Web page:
City of Memphis allocated $144,000 for architecture and engineering in July 2007 (FY08 ).

Planning staff started its process in September 2007 with neighborhood meeting in Cordova. At this meeting the community requested that the name be changed from Countrywood Park to Fletcher Creek Park.

City of Memphis allocated $1,560,000 for construction in July 2008 (FY09)

Park design out to bid in April of 2011.

Wagner General Contractor awarded the contract.

Park construction started in August of 2011.

Park completed in July of 2012.

Memphis Parks & Neighborhoods Athletic Department Exposes Memphis Youth to Soccer By: Justice Bolden, Athletics Specialist The Memphis Parks & Neighborhoods Athletics Department is

doing my job”. Coaches and players seem eager to kick off the 2012

excited about the upcoming 2012 Fall Soccer Season as it looks to

Fall Soccer Season. “They really enjoyed last season and they’re

expand the game of soccer throughout the Memphis area. “Last fall

already itching to play this season” says second year coach, Andre

we registered approximately 500 youth participants for Fall Soccer,

Reed.

and we are looking to build on that. It is important we expose Memphis

The soccer program provides a glimpse into ways the Athletic De-

youth to the health and wellness benefits of soccer”, says Jackie Tren-

partment plans to fight issues plaguing the community such as child-

them, manager of the Athletic Department. The six week program is

hood obesity and a lack of physical activity. The program is an excel-

designed to increase physical fitness, teach the fundamentals of soc-

lent way to keep kids in shape while having fun. While the goal is to

cer, and build self-confidence and discipline within youth participants.

increase physical fitness and fight childhood obesity, ultimately we are

Fall soccer registration is $50.00 and includes: a soccer uniform, cer-

achieving both, and the kids are having fun while doing it.

tificate of participation, practice instruction, skills clinics, regular season games, and an individual postseason trophy.

For questions please call the Memphis Parks & Neighborhoods Athletic Department at (901) 767-4580.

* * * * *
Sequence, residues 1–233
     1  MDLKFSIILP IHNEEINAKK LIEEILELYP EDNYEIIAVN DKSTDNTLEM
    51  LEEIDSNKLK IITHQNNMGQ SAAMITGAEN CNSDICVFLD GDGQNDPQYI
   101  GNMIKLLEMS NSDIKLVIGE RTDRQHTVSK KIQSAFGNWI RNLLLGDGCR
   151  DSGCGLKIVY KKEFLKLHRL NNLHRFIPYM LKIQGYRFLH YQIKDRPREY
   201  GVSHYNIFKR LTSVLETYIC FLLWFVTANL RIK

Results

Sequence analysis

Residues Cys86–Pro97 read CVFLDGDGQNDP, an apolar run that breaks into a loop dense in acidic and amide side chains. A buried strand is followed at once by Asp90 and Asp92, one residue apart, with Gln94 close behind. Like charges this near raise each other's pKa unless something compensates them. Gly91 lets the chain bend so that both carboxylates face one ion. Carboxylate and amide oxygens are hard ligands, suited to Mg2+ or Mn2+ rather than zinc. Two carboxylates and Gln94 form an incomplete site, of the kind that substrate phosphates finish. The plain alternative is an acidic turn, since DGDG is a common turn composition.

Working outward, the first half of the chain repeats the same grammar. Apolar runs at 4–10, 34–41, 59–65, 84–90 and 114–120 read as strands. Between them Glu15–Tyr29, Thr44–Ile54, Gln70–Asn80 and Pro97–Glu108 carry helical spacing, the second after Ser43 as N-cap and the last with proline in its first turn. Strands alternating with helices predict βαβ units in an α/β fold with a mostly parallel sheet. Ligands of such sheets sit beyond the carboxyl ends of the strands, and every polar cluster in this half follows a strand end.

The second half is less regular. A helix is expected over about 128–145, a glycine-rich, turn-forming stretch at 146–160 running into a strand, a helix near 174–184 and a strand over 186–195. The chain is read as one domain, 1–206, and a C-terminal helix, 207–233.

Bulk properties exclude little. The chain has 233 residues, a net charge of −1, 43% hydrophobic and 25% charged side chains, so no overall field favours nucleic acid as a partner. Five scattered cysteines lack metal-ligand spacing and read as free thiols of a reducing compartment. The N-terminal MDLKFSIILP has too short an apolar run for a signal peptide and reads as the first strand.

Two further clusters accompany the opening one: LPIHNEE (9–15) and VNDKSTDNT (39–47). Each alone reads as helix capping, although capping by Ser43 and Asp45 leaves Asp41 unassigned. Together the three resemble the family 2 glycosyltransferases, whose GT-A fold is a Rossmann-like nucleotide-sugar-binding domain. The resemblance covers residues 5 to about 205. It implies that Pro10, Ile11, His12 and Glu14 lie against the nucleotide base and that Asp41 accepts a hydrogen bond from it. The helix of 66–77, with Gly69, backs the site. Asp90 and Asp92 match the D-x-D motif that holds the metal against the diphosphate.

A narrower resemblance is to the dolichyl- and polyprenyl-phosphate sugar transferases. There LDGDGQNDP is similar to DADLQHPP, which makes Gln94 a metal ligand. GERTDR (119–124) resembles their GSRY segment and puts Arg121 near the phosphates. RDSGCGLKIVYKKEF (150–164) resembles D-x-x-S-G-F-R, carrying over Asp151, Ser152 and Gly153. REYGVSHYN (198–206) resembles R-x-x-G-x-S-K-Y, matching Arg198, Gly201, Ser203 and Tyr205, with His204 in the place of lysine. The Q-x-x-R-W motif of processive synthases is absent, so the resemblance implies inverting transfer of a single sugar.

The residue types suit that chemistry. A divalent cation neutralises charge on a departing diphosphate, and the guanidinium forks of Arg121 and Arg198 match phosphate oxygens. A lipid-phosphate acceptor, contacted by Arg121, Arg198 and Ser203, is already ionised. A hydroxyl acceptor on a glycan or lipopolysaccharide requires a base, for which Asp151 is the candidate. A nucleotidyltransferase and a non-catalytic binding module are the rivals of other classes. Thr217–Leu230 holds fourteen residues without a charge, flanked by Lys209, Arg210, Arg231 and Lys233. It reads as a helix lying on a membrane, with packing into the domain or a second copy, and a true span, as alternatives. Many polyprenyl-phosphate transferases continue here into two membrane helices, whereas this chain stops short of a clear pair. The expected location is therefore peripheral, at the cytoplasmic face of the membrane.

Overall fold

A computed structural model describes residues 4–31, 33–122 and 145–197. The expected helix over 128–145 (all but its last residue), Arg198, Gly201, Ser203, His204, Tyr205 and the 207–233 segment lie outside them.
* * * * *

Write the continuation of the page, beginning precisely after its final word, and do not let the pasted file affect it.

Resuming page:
The Athletic Department is also focused on volunteer coach development, as it offers coaches certification and on-field training to all new and returning coaches. As a part of the coaches’ development program, the Athletics Department invites other experienced soccer coaches from around the area to mentor coaches both on and off the field and provide suggestions on how to get the best out of their players. Second year Coach Brooks Stevenson thinks the program is excellent for volunteers looking to learn new ways to motivate players, “The coaching development program was very informative and it gave me tips on things to do during practice, as well as the importance of keeping the kids moving. If the kids are not having fun, then I’m not

ks & Neigh

Quotable: “As a child growing up2012 in Memphis, enjoyed visiting June 16, - March 8,I 2013 our city’s parks with my family and friends. For many people, the most cherished childhood memories are connected with park activities. Parks continue to be one of Memphis’s greatest attractions where families can spend quality time together!” - Janas Jackson

Ready, Set, Go ! Summer Day Camp Track & Field Meet Athletic Department and Summer Camp Collaborative wins big with Memphis youth By Jackie Trenthem, Manager Athletics Just in time for the Olympics, on

energy and efforts of Lonnie Lewis,

June 27th, eighteen of the City’s Com-

the meet would have been in serious

munity Center Day Camps converged

jeopardy of failing. Lonnie served as

at Halle Stadium to participate in the

the starter for all track events and

first ever Day Camp Track and Field

kept everything running smoothly.

Meet.

Kristine Strickland assisted with the

A collaborative effort between the Ath-

track, getting participants ready for

letic Department and the Summer Day

the races. Debra Tate assisted in

Camp Committee, each camp was al-